SAN JUAN CAPISTRANO – The pope’s surprise announcement this week that Father Junipero Serra will be made a saint is prompting speculation about a papal visit to California, including possibly to the historic Orange County city where he established Mission San Juan Capistrano.
San Juan Capistrano has deep ties to Serra.
The mission’s Serra Chapel is the only chapel still in existence where he delivered a Mass, and his likeness is on the city’s official seal. Garments and other relics that once belonged to Serra are still housed at the mission. And two of the city’s high schools are named for him, along with a main arterial I-5 on- and off-ramp, a park and a plaza.
Mission Basilica San Juan Capistrano also is the only place in the region where the pope can celebrate Mass; Pope John Paul II proclaimed it a basilica in 2000, the only one on the West Coast…
… No official travel plans have been released, but Pope Francis said Thursday that he’d be canonizing Serra, founder of nine California missions, during his trip to the United States in September for the upcoming World Meeting of Families in Philadelphia.
“His announcement caught virtually everyone by surprise,” the Rev. Monsignor Arthur Holquin, pastor of Mission San Juan Capistrano from 2003 until last year, wrote in an email.
“We were not anticipating it at all. I had to chuckle when I happily heard the news. It was ‘typical’ Pope Francis!”
Not everyone is as excited.
Native Americans long have protested the attempts to canonize Serra, and people sometimes protest him outside Mission San Juan Capistrano on Columbus Day.
Teresa Romero, chairwoman of the Juaneño Band of Mission Indians, whose ancestors built the mission after Serra took over their land, said many California Indians “view the canonization of Junipero Serra as a travesty.”
“What message is being sent to the human traffickers of today when the Church blesses slave traffickers of the past?” Romero asked in an email to the Register. “We believe in much of the work Pope Francis is doing, but as far as Serra is concerned, the most we can offer is forgiveness should the Church ever ask.”
But Jerry Nieblas, a San Juan Capistrano historian and member of the Juaneño Band of Mission Indians faction 84B, said that he developed a respect for Serra after learning the oral history of Serra’s work through Nieblas’ grandmother.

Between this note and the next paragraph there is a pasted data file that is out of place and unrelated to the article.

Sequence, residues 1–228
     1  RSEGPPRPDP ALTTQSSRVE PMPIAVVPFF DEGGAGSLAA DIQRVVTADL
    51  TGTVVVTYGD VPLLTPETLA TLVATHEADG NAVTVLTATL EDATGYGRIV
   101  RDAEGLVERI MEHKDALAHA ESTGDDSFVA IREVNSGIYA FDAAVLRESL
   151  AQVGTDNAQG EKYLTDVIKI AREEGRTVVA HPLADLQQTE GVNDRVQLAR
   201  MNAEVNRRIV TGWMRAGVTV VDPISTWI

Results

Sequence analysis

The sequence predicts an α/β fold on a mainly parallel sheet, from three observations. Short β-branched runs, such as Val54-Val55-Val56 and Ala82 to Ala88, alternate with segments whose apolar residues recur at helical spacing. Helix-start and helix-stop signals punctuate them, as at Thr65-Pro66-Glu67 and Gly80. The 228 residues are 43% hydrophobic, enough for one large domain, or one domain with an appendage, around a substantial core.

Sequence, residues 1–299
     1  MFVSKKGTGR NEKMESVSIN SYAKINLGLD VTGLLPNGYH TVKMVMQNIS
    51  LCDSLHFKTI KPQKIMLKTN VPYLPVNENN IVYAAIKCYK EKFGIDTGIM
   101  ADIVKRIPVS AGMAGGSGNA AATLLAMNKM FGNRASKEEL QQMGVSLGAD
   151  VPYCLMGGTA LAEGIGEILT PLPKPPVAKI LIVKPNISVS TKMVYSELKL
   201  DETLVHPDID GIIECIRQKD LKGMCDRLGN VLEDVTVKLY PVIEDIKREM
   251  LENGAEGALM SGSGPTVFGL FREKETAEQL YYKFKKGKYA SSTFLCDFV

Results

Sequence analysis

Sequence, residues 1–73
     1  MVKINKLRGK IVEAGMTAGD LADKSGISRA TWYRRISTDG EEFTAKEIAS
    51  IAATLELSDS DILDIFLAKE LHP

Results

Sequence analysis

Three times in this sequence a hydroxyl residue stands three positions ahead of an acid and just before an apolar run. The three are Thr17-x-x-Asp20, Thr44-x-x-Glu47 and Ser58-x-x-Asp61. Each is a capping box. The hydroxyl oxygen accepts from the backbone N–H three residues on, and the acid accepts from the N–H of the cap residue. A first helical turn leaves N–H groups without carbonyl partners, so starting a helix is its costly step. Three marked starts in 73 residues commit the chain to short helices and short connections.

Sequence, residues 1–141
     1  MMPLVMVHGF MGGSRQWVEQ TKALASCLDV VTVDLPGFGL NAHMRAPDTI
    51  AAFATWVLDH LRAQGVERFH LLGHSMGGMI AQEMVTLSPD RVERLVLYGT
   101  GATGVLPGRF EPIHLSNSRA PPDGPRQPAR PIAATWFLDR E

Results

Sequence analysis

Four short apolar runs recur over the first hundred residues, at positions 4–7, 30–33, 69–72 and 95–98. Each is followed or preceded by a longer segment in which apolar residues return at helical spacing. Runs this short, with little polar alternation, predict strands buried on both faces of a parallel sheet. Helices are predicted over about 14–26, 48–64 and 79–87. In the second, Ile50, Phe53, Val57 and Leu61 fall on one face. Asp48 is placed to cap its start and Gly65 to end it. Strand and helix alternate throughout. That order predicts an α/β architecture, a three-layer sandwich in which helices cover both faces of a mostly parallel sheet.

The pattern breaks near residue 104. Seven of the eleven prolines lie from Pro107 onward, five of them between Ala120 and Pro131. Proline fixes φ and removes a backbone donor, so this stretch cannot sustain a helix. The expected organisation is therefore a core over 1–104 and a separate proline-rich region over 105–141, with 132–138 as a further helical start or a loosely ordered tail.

“I think the news from the Holy Father is fantastic and is long overdue,” Nieblas said. “Serra left his country, came to a new world that he knew nothing about and started establishing missions. This man left a legacy.”
Nieblas said that it was the Spanish soldiers who were responsible for the atrocities committed against Native Americans and that Serra was an outspoken critic of the crown.
“There were probably bad priests back then, but Father Serra was a great man,” Nieblas said.
Holquin said canonization is not the church’s declaration that a person is without sin.
“One should be very careful not to extrapolate from these isolated character flaws and see in them the totality of Serra’s character and persona,” Holquin said.
“He was so much more than these isolated moments in his biography.”
“While Serra did much to expand the Church, we can not and should not turn a blind eye to what he did to the Native populations up and down California,” she wrote.
“To enslave our people in the name of Christianity and then sanctify the man responsible for it is an unspeakable injustice.”
Serra brought the Christian message to California in the 18th century during the Spanish Expansion.
In 2013, Mission San Juan Capistrano officials began ringing the bells seven times every morning at 9 in honor of Serra’s 300th birthday and the mission’s place as the seventh of his nine missions.
Asked what she believes the chances are of the pope visiting San Juan Capistrano, Mechelle Lawrence Adams, the mission’s executive director, said, “I am an optimist.”
She said that it’s too soon to say what events the mission will host, but she’s certain there will be some.
“Whatever happens will be good for California and great for the first nine missions,” Lawrence Adams said. OC Register